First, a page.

Tawny crazy ants (Nylanderia fulva) attacked by rivaling fire ants (Solenopsis invicta). To protect itself against the deadly fire ant venom, crazy ants secret a venom of their own that cancels the other. When the two mix, a new substance whose class has never been encountered in nature emerges. Photo: Ed LeBrun

Tawny crazy ants (Nylanderia fulva) attacked by rivaling fire ants (Solenopsis invicta). To protect itself against the deadly fire ant venom, crazy ants secret a venom of their own that cancels the other. When the two mix, a new substance whose class has never been encountered in nature emerges. Photo: Ed LeBrun

Ionic liquids (IL) are basically liquid salts with very low melting points. These are heavily used in industry as solvents for chemical processes or as performance enhancers, part of electrolytes or lubricants. It’s only recently that an ionic liquid has been found to occur in nature, after a team of researchers at University of South Alabama found that the substances forms when two ant species mix their venom.

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The team led by Prof. James Davis was studying two ant species fighting over territory: fire ants (Solenopsis Invicta) and tawny crazy ants (Nylanderia fulva). Fire ants and tawny crazy ants are native to South America, where their battle may have raged for thousands of years. Fire ants arrived in the United States first, sometime in the 1930s. The crazy ants didn’t start to show up until the early 2000s.

When the fire ants would sprinkle the tawny crazies with their venom, the latter would respond by secreting formic acid, their own venom, to groom and rid themselves of the poisonous attack. When the two substances mix, a viscous ionic liquid containing a mixture of different cations along with formate anions forms.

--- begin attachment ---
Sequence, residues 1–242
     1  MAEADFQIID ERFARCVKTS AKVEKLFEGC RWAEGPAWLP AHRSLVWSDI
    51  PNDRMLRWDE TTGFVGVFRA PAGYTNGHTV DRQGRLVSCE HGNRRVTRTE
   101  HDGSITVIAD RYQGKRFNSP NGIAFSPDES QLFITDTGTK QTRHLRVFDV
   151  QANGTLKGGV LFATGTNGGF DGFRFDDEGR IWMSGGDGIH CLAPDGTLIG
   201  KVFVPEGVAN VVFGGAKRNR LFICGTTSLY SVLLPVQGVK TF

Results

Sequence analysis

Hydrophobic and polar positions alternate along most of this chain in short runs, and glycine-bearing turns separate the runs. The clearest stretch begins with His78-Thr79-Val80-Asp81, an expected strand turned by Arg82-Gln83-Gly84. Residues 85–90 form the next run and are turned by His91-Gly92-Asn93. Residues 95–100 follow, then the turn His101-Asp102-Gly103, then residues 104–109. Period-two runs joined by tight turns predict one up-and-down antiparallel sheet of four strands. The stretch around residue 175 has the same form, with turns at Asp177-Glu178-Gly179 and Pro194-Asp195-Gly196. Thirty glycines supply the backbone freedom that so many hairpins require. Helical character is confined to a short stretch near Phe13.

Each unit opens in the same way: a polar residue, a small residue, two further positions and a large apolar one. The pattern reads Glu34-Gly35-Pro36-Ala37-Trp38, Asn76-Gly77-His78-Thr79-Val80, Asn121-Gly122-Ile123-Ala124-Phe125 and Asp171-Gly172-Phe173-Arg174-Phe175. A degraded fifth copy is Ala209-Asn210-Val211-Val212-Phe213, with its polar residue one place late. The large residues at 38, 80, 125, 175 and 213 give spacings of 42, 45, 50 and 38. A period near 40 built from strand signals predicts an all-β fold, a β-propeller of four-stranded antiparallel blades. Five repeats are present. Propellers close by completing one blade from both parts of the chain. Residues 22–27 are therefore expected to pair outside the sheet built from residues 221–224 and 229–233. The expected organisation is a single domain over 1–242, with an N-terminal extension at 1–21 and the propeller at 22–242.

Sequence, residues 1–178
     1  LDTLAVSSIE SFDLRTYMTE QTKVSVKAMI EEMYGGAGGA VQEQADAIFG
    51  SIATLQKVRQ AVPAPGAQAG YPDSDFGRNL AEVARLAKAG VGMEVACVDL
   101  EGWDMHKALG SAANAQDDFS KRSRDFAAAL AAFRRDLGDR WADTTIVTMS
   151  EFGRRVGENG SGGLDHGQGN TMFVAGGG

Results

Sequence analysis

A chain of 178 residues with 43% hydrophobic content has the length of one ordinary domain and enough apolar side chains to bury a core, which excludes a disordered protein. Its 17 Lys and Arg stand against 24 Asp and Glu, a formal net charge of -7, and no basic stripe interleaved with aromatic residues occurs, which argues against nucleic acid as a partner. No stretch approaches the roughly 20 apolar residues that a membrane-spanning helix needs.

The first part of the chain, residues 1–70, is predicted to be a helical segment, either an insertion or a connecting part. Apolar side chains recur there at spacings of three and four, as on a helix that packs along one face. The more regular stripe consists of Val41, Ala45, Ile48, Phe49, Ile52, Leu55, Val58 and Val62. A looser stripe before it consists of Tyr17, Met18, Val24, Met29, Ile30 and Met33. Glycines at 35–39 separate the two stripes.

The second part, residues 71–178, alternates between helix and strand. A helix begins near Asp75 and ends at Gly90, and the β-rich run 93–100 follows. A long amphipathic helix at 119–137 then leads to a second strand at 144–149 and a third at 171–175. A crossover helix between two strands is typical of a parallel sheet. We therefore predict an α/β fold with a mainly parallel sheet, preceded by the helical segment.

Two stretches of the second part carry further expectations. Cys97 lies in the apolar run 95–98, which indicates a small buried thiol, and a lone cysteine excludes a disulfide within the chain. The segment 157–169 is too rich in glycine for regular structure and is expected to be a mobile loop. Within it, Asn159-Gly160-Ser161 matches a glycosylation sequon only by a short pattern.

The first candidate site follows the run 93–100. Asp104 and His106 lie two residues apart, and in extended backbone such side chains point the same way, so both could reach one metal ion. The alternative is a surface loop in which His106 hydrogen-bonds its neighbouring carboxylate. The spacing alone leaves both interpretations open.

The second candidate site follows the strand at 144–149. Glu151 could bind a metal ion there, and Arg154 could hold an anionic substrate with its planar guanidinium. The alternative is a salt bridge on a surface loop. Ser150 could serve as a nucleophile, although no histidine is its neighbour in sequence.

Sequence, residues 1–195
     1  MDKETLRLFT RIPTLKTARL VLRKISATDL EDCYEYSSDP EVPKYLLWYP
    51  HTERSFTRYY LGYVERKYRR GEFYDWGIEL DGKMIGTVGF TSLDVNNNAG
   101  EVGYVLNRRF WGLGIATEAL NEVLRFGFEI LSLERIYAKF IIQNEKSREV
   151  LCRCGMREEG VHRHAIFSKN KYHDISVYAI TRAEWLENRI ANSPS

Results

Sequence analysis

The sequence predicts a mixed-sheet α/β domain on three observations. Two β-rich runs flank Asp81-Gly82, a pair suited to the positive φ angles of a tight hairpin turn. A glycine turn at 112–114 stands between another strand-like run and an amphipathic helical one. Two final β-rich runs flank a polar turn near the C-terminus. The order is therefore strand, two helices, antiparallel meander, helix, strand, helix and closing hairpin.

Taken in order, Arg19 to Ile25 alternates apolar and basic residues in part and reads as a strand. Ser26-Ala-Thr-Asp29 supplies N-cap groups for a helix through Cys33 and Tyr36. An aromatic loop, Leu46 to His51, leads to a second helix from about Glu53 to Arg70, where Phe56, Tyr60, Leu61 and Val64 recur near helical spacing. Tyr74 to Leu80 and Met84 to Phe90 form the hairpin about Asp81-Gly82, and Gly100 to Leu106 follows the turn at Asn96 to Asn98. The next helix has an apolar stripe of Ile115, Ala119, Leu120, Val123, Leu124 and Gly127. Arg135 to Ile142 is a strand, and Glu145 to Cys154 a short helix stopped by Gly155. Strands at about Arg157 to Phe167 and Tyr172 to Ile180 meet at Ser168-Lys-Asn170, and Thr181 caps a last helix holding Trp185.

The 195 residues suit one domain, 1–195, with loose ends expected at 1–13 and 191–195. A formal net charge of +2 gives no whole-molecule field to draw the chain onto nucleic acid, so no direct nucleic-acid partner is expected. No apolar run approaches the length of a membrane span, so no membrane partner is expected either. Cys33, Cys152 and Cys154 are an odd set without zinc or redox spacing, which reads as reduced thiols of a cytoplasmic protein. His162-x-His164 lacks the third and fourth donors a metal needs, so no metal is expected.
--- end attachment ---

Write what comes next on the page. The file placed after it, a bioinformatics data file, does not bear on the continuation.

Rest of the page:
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The properties of the resulting mixed-cation ammonium formate milieu are consistent with its classification as a protic IL.  Seeing how the IL was discovered by accident, it’s very much likely that other naturally occurring ILs might be discovered.

It’s interesting to see how well the crazy ants have adapted to fire ants’ venom. In a separate study, Edward LeBrun, a researcher at the Fire Ant Research and Management Project at the University of Texas at Austin, found when crazy ants were prevented from secreting the antidote after being brushed with a bit of nail polish on their abdomens, 48% of them died when exposed to fire ants. When they were allowed to secrete the antidote, 98% survived.

Finding appeared in the journal Angewandte Chemie International.

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